University Of EdinbergCoronary heart disease is claimed to be the leading killer in the UK. It is the high cholesterol levels producing fatty deposits inside arteries that seem to cause this disease. Experts from the University of Edinberg have found probable association between new genes and high cholesterol. It is ascertained that a blood test can anticipate an individual’s risk of developing heart disease.

High levels of low-density lipoprotein (LDL) cholesterol appear to cause damage by clogging the arteries. The newly identified genetic test is claimed to analyze the level of high cholesterol. The results of the study also shed light on possible cholesterol-lowering drugs that can aid people at risk of heart disease.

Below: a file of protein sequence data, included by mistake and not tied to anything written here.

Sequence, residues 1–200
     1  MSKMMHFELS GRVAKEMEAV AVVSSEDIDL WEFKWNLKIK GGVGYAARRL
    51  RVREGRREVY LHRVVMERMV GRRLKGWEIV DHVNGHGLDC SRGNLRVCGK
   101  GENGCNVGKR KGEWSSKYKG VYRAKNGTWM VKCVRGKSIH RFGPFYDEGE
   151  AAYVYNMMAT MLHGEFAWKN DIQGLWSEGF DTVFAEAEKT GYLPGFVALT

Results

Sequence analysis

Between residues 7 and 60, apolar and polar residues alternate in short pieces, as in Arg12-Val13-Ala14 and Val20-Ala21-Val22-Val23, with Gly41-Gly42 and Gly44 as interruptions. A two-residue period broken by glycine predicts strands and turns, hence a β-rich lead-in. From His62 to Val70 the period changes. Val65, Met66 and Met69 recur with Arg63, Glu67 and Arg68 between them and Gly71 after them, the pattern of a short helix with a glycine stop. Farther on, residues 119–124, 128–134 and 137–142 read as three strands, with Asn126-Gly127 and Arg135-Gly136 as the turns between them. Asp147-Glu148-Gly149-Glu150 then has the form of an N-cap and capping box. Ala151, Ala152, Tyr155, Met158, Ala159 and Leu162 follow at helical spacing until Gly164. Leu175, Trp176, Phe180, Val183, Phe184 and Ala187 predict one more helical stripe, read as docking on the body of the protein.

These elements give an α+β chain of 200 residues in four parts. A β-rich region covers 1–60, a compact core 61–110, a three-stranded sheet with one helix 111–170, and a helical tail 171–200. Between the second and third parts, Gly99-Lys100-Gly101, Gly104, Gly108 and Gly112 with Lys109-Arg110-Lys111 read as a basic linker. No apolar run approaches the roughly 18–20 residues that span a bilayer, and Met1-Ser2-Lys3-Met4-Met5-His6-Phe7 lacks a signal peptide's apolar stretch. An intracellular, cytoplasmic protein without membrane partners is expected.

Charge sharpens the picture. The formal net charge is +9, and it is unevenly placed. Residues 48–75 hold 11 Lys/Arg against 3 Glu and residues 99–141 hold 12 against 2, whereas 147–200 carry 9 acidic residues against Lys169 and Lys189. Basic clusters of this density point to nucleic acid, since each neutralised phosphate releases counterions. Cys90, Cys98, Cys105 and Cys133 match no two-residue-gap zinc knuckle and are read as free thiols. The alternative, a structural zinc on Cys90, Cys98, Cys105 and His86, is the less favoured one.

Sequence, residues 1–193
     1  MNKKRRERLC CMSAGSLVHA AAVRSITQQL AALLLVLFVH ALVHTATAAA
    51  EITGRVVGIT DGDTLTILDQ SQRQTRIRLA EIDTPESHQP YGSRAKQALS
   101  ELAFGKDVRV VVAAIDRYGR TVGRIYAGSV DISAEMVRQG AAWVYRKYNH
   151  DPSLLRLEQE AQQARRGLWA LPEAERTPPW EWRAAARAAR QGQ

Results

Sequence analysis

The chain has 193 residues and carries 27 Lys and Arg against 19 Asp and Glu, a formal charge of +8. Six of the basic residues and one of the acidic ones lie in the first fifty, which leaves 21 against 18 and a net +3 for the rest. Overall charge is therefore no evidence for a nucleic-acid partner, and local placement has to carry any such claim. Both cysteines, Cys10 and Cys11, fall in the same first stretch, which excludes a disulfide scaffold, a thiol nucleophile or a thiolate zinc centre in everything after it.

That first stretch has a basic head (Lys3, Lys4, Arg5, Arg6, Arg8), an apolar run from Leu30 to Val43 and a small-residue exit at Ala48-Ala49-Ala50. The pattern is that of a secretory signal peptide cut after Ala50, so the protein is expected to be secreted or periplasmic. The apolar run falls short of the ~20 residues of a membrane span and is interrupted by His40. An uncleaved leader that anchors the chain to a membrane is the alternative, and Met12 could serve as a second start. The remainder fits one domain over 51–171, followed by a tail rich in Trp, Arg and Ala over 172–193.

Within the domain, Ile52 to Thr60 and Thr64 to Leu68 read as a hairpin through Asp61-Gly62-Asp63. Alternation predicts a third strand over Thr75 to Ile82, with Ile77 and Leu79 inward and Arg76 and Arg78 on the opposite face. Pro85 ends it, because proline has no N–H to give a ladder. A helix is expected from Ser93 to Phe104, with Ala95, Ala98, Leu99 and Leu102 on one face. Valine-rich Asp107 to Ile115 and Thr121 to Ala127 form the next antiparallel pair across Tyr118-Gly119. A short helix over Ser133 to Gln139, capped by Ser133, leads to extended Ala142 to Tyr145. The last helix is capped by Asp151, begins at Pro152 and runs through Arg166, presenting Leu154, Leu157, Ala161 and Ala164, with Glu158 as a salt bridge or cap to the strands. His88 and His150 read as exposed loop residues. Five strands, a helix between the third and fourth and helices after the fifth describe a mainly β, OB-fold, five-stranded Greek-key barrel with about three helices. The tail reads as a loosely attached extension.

Dr Jim Wilson, Royal Society University Research Fellow at the University, elucidated, “Apart from highlighting a number of new potential drug targets, this landmark study is the first to show that we can predict from our genes who is likely to have very high cholesterol levels. As genes are present from birth, this would allow those at high risk to modify their lifestyle before the effects of high cholesterol damage their heart.”

DNA of 100,000 volunteers was thoroughly scrutinized by the investigators. After analyzing the DNA, experts were able to find genes included in regulating cholesterol. 95 genes apparently revealed an effect, among which 59 were previously not known to be comprised in cholesterol biology. It is anticipated that individuals with very high cholesterol are 14 times more likely to have these various variants in their genes.